1 Corinthians

The source of our hope. 15:12-19


In our passage for study we look at a particular point in Paul's argument against those who believe in a spiritual resurrection of the dead, but not a bodily resurrection. Paul's argument is a simple one; if we deny the bodily resurrection of believers, then we deny the bodily resurrection of Jesus, and by implication, we end up denying everything we believe in.

The passage

v12. In the opening verse Paul states, for the first time, the substance of the false belief held by some of the members of the Corinthian church. They had come to believe that "there is no resurrection of the dead." They obviously believed in the Greek notion of a spirit afterlife where the soul leaves the body after death, but did not believe in a bodily resurrection of the dead. Paul questions how it is that the Corinthians doubt the notion of a bodily resurrection when the gospel, which they have come to believe in, rests on the truth that Christ rose from the grave with a body which the apostles were able to see and touch.

v13-14. In v20-28 Paul makes a connection with v1-11. The gospel, in which the Corinthians believed, focuses on the resurrection of Christ, whose life-giving power gives life to their being, both now and in the future. In this section, v12-19, Paul sets the stage for the loss of this "life". If the dead are not raised then, by implication, Christ was not raised, v13. If Christ is not risen, then the gospel is a worthless message, and a useless focus for faith, v14.

v15-16 Paul now extends the argument further. If Christ has not been raised (on the basis of their argument that the dead are not raised) then the apostolic gospel is a lie. "We are bearing false witness in God's name, as those sent from God", Gordon Fee. Worse than that, it is a lie which implicates God.

v17. Paul goes on to draw out another implication of their position. If Christ has not been raised, then "you are still in your sins." To deny the resurrection is to undermine Christ's redemptive work which rests on both a cross and an empty tomb.

v18. And what of those who have already died? Their end is clear. If our justification is realized through the resurrection of Jesus, and yet Jesus has not risen from the dead, then those who have already died are lost in their sinfulness and therefore lost eternally.

v19. Paul now comes to his final punch line. For a believer to deny the resurrection of the dead is to deny the resurrection of Christ. By taking this stance, not only have some of the Corinthian believers set aside the hope of their future resurrection, but they have lost their present hope in Christ; they have lost forgiveness of sins, their right-standing in the sight of God and thus their eternal salvation.

The resurrection of the dead

When it comes to the resurrection of the dead, Christians end up taking numerous positions. Popular belief has us rising as a spirit from the body after we die. We float about as ghosts, or go to the spirit world, to purgatory, hell, heaven, .... you name it! At the other end of the spectrum, liberal theologians, such as Willi Marxsen, see the resurrection of Jesus as a theological interpretation rather than a historical event. Jesus, the source of life, becomes alive in the minds of those who believe in him. So, a general resurrection in some future day, is but a theological statement, a belief in a life-giving God.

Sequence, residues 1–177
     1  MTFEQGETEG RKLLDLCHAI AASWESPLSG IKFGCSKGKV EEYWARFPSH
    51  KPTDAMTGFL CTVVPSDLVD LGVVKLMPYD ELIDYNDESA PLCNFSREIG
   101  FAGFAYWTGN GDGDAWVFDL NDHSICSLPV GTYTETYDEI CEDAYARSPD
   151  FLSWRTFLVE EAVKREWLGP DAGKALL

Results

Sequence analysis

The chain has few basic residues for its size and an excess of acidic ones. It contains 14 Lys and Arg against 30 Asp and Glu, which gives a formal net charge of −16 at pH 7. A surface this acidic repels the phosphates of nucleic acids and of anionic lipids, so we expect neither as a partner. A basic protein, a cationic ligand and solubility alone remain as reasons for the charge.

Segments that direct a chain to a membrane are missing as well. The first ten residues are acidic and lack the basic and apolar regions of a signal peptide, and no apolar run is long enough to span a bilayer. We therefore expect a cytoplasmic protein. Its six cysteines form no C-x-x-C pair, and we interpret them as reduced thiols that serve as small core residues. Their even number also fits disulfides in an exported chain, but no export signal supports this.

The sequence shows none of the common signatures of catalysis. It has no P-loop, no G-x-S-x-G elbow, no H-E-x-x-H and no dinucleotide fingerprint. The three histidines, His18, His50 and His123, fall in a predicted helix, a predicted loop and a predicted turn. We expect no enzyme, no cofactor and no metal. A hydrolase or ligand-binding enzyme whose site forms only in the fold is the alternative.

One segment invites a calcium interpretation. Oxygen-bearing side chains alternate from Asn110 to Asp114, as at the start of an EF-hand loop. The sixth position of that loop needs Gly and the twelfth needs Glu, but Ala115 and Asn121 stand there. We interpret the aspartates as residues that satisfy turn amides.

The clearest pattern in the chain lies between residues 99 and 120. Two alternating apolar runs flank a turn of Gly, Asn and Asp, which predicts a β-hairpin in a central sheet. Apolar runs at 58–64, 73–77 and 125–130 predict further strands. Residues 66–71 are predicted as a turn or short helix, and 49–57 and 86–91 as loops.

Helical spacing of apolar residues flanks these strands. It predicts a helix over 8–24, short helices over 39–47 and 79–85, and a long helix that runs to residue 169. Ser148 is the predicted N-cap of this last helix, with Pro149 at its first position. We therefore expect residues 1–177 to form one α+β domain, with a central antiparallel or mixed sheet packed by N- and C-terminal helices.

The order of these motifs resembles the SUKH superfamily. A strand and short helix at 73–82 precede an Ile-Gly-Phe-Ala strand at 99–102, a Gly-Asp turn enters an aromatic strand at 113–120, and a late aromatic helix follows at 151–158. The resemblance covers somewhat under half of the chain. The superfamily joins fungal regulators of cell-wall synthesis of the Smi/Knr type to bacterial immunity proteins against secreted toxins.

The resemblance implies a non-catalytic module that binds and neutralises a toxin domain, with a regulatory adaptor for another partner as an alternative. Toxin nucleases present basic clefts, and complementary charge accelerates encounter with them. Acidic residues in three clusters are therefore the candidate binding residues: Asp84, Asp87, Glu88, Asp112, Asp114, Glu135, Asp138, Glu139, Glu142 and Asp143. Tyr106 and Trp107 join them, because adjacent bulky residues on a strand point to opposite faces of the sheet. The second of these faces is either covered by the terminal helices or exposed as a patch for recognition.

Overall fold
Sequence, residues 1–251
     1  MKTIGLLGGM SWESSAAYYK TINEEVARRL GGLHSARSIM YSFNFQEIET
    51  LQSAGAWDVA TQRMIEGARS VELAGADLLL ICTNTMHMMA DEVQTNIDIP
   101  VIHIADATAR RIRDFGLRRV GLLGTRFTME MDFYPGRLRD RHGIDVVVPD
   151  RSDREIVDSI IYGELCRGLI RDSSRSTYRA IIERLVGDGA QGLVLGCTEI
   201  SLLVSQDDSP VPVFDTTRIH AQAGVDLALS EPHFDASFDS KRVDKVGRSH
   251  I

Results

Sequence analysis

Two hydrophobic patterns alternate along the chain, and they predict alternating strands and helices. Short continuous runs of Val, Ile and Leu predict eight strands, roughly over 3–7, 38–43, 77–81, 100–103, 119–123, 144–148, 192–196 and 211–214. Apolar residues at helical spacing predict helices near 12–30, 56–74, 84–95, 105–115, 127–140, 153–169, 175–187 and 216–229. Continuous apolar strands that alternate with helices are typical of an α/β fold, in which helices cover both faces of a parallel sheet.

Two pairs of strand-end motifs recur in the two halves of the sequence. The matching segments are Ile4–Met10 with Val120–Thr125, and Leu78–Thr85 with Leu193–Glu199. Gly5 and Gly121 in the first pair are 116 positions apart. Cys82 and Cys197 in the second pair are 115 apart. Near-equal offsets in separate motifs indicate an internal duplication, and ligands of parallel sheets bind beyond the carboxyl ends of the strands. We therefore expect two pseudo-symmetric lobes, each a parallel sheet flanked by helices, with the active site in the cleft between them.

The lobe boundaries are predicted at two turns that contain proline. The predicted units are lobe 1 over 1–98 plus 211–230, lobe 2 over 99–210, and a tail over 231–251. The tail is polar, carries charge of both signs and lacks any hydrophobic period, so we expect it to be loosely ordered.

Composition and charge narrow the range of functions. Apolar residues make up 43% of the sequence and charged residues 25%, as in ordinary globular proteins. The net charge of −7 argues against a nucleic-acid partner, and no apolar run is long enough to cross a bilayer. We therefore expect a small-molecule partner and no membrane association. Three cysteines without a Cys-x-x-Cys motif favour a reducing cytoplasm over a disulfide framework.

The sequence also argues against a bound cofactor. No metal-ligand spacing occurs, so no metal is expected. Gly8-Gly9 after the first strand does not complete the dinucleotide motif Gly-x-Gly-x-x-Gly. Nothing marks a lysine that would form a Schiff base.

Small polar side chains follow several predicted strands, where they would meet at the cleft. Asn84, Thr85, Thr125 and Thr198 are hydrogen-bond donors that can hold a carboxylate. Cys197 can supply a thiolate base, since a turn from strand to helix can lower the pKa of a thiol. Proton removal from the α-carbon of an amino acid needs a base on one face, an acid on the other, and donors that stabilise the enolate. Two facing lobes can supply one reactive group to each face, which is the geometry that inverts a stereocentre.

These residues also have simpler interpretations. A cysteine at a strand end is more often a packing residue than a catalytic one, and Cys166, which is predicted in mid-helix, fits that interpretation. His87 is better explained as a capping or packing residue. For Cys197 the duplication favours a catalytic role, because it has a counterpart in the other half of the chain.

Against such woolly notions, the apostle Paul establishes an integral link between the resurrection of Christ and our own resurrection. The failure of the Corinthians to take the bodily resurrection of Christ seriously had led to their denial of a bodily resurrection of believers, a stance which served to undermine their very salvation. To devalue the factual nature of Christ's resurrection is to undermine our own eternal salvation.

We can easily devalue the resurrection of Christ. Like Willi Marxsen and his ilk, we can deny the historical resurrection of Jesus. Sadly, this is not an uncommon stance in some Christian circles. If we are going to take the apostle Paul's argument seriously, to deny a bodily resurrection of the dead is to deny the substance of our faith. It is to call into question the validity of our salvation, and this because our justification is effected through the resurrection of Christ.

We can also devalue the resurrection of Christ by inadvertently leaving the truth of the resurrection out of the gospel. This is not an unusual practice. A gospel message which fails to proclaim the bodily resurrection of Christ may well invalidate the salvation of those who respond to it. If the seeker does not believe in a risen saviour, how are they saved? The life-giving power of Christ's resurrection is available to those who rely on a risen Lord.

The message of the cross, of a crucified Christ (messiah), which is a "stumbling block" to some and "foolishness" to others, involves both a dying and a rising. When we hear and believe that message we are saved. We are saved through our identification with Christ in both his death and resurrection.

Here then is the gospel - "He was delivered over to death for our sins and was raised to life for our justification." If we fail to grasp the centrality of Jesus' resurrection, we endanger our salvation. If we fail to proclaim his resurrection, we endanger the salvation of those who hear.


1. If Christ has not been raised, what are the consequences?

2. In what way is Christ's resurrection denied today, both openly and inadvertently?

[Printer icon]   Print-friendly: Sermon Notes. and Technical Notes

Index of studies: Resource library
[Pumpkin Cottage]
Pumpkin Cottage Ministry Resources
Lectionary Bible Studies and Sermons